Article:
Yosemite National Park is often associated with huge crowds, traffic jams, and lots of waiting to share your wilderness experience with far too many people. If your interest is in distancing yourself from the hordes of families heading up to Little Yosemite Valley and Clouds Rest, then the Grand Canyon Of The Tuolumne River may be for you.
The Tuolumne River runs roughly 30 miles from Tuolumne Meadows down to Hetch Hetchy Reservoir. Hetch Hetchy, called “the other Yosemite Valley” by America’s most well-known, beloved naturalist, and Sierra Club founder John Muir, was flooded in 1923 by the O’Shaughnessy Dam. It is widely accepted lore that the construction of this dam broke Muir and he died one year later.
Cutting a path through some of the most beautiful, uncrowded, and classic terrain in one of America’s favorite national parks, the Grand Canyon Of The Tuolumne can be hiked west to east, or vice versa. In the author’s opinion, the former choice is the best way to go if you are thru hiking the 33 miles. Going west to east allows you to save the best for last, with ever increasing beauty and a much gentler ascent. Once you drop the nearly 4000 feet in the first 13 miles (the majority of which is in done in a knee busting three miles), you gradually ascend 20 miles past tight walls, thundering waterfalls, and a sea of granite to eventually finish in Tuolumne Meadows. This is a much more enjoyable experience compared to a gradual decline from gorgeous granite and cool weather into burn areas and high temps, finishing with the painful 4,000’ switchbacked ascent back up to Whitewolf parking lot. When you are hiking west to east, the scenery just gets more spectacular around every turn as you walk towards it, as opposed to walking with your back to it and having to look over your shoulder for quick glimpses of what could possibly be creating such a terrific racket.
Different parties apply different hiking strategies, completing it between one and four days. Four days affords you the time to really soak it in, to stop and swim and enjoy all of the four named waterfalls of the Canyon. Three days works well too, you can still stop and smell the flowers, but need to maintain a healthy pace to stay on track. Two days seems like a waste to me, you’re so focused on getting from Pate Valley to Glen Aulin that you rarely have time to stop, and you’re carrying a big pack full of stuff that you will only use once. If you’re going to carry a 25-30 pound pack, why not add just a couple more pounds of freeze dried food, scale your hiking back to a leisurely 8-10 miles per day, and enjoy what this beautiful canyon has to offer. I’ve seen people so wiped out at Waterwheel Falls that they didn’t even stop to admire one of the most violent and thunderous waterfalls in America. The final option is to do it in a day. While seemingly very daunting and committing, this is commonly done in about 10 hours. No heavy pack, just you and your trail shoes rapidly covering terrain and playing hopscotch over rattlesnakes. What could possibly go wrong?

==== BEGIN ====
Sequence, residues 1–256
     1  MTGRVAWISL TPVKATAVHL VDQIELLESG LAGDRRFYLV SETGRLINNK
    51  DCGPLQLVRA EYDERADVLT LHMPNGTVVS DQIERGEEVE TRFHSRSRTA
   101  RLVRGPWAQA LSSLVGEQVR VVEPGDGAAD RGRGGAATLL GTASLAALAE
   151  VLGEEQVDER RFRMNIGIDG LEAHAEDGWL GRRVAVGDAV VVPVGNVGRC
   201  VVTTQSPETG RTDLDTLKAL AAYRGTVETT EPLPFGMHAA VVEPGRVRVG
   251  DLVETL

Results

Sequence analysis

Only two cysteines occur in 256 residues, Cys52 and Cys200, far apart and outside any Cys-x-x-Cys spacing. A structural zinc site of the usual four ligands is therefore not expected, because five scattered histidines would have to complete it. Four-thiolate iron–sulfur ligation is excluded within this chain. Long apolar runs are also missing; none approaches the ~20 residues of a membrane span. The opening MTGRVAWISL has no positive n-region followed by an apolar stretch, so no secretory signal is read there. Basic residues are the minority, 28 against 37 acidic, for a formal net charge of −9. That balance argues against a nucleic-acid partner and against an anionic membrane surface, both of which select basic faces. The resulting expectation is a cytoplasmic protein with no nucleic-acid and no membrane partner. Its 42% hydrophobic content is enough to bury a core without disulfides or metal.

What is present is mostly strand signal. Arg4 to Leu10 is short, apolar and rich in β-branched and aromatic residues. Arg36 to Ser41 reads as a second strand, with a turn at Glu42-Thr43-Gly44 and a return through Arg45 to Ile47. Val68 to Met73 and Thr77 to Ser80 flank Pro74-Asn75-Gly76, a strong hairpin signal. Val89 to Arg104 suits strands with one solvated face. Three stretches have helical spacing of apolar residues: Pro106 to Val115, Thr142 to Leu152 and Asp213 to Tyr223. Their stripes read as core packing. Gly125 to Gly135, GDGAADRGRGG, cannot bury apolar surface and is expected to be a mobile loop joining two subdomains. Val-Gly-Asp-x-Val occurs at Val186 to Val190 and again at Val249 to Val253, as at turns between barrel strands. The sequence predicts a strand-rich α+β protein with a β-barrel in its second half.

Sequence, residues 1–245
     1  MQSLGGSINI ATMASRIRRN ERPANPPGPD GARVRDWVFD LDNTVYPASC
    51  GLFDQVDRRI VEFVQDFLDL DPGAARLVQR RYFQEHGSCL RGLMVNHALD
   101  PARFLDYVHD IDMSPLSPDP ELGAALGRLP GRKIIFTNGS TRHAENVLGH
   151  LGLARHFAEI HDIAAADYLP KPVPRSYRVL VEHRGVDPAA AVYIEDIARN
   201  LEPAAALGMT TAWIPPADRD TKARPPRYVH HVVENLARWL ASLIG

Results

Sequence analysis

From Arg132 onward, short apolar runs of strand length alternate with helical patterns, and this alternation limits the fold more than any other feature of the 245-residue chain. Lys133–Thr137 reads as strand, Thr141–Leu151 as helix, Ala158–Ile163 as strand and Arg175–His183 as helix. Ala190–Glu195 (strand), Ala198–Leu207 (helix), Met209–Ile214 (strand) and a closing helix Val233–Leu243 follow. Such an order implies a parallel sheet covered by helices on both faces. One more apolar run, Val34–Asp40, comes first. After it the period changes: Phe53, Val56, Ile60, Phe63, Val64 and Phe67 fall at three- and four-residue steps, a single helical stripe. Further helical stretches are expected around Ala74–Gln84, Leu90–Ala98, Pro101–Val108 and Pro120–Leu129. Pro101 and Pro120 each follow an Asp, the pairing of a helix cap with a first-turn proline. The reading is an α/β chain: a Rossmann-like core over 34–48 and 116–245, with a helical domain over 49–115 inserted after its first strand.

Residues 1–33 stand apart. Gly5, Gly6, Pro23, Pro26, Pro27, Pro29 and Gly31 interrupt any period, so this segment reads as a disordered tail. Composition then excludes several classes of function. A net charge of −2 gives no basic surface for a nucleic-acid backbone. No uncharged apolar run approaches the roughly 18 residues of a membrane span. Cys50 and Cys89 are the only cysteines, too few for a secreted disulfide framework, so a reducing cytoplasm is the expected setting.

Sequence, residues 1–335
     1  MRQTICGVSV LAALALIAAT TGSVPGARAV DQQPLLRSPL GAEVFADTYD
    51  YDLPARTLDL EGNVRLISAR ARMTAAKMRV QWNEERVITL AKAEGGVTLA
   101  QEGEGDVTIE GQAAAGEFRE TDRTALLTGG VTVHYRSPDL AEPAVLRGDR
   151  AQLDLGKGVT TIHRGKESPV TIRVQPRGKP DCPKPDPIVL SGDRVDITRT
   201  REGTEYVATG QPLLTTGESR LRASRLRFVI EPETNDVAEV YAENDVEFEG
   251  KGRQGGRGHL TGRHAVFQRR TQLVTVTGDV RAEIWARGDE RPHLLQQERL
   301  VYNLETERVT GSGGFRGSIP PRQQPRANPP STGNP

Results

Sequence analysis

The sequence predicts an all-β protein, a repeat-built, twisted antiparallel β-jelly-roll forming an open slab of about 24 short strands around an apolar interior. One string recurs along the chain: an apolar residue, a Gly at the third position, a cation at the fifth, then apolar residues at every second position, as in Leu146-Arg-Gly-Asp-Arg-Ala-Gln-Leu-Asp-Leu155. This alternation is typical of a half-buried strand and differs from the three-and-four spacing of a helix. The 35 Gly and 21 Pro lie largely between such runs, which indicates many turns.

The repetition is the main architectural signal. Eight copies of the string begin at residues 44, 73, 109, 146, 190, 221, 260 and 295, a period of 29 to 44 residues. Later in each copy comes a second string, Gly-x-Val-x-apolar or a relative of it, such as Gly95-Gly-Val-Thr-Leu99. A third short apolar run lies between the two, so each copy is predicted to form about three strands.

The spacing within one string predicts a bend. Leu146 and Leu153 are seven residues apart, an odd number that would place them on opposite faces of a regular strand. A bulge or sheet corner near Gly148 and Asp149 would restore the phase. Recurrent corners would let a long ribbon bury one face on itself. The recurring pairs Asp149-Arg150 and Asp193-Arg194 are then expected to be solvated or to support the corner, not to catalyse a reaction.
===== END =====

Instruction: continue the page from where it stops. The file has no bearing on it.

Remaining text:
Ultra runner Dr. Peter Clark “For the light and fast crowd, the canyon makes a diverse and spectacular push in a day, although often one is reduced to a power march by the rocky and steep terrain. The Pate Valley section and White Wolf switchbacks are quite runnable . There is enough water that a single 16 oz water bottle or small hydration vest is sufficient. If you’re going for speed (current Fastest Known Time held by Leor Pantilat is 13:38 for the car-to-car loop without shuttle. ) then east to west is best as the majority of the trail is downhill. If time is no object but doing it in a day push, go west to east to avoid cooking like a bug on a griddle on the steep granite sun exposed switchbacks up to White Wolf.”